Google wants to reduce lifespan for HTTPS certificates to one year


Close-up of a browser window showing lock icon during SSL connection

Getty Images/iStockphoto

Google wants to reduce the lifespan of SSL certificates (used to secure HTTPS encrypted traffic) from the current two years to just over a year.

The proposal was made by Ryan Sleevi, Google’s representative, at a F2F meeting of the CA/B Forum in Thessaloniki, Greece, in June.

The CA/B Forum is an unofficial industry group made up of certificate authorities (CAs; companies that issue SSL certificates) and browser makers.

No vote has been held yet

Per Sleevi’s proposal, starting with March 2020, the lifespan of all newly issued SSL certificates would become 397 days (roughly a year and a month) instead of the current 825 days (about two years and three months).

No vote was held on the proposal; however, most browser vendors expressed their support for the new SSL certificate lifespan.

On the other side, certificate authorities were not too happy, to say the least. In the last decade and a half, browser makers have chipped away at the lifespan of SSL certificates, cutting it down from eight years to five, then to three, and then to two.

The last change occured in March 2018, when browser makers tried to reduce SSL certificate lifespans from three years to one, but compromised for two years after pushback from certificate authorities.

Now, barely two years later after the last change, certificate authorities feel bullied by browser makers into accepting their original plan, regardless of the 2018 vote.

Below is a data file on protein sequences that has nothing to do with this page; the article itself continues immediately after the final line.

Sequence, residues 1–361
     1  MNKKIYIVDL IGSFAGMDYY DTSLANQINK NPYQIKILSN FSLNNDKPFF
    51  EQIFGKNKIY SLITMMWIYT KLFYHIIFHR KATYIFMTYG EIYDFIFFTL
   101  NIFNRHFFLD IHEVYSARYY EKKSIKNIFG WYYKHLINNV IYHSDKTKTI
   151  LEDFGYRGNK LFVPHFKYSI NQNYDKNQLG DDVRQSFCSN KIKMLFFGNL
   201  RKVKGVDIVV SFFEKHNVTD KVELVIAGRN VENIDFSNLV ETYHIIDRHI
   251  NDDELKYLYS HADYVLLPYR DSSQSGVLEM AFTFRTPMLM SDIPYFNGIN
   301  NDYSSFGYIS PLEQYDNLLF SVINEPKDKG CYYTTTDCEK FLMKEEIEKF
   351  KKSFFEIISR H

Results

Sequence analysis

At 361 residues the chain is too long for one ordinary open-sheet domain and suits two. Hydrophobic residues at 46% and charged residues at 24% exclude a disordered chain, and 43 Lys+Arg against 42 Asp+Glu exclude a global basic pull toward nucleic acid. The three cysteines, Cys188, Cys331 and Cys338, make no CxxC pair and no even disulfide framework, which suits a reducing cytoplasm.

DigiCert pushes back

Timothy Hollebeek, DigiCert’s representative at the CA/B Forum, has recently penned a blog post expressing the company’s position on the new proposal, which, unsurprisingly, is not in favor with Google’s plan.

“So what is the proposed security benefit that justifies this cost? It is far from clear that there is any at all,” Hollebeek said.

“This change has absolutely no effect on malicious websites, which operate for very short time periods, from a few days to a week or two at most. After that, the domain has been added to various blacklists, and the attacker moves on to a new domain and acquires new certificates.”

The DigiCert exec explains that, instead, this change to a shorter SSL certificate lifespan would create more costs for their customers (the users/buyers of SSL certs), which now have to allocate more human resources to keeping SSL certificates up to date or performining maintenance updates when one expires.

Furthermore, Hollebeek also argues that “shorter lifetime certificates allow quicker transitions when the compliance rules change” is also not a good reason because standards shouldn’t change so often in the first place.

The “SSL revocation” problem

But in a Twitter thread reacting to Hollebeck’s blog post, security researcher Scott Helme argues that the security benefits of shorter SSL certificate lifespans have nothing to do with phishing or malware sites, but instead with the SSL certificate revocation process.

Helme claims that this process is broken and that bad SSL certificates continue to live on for years after being mississued and revoked — hence the reason he argued way back in early 2018 that a shorter lifespan for SSL certificates would fix this problem because bad SSL certs would be phased out faster.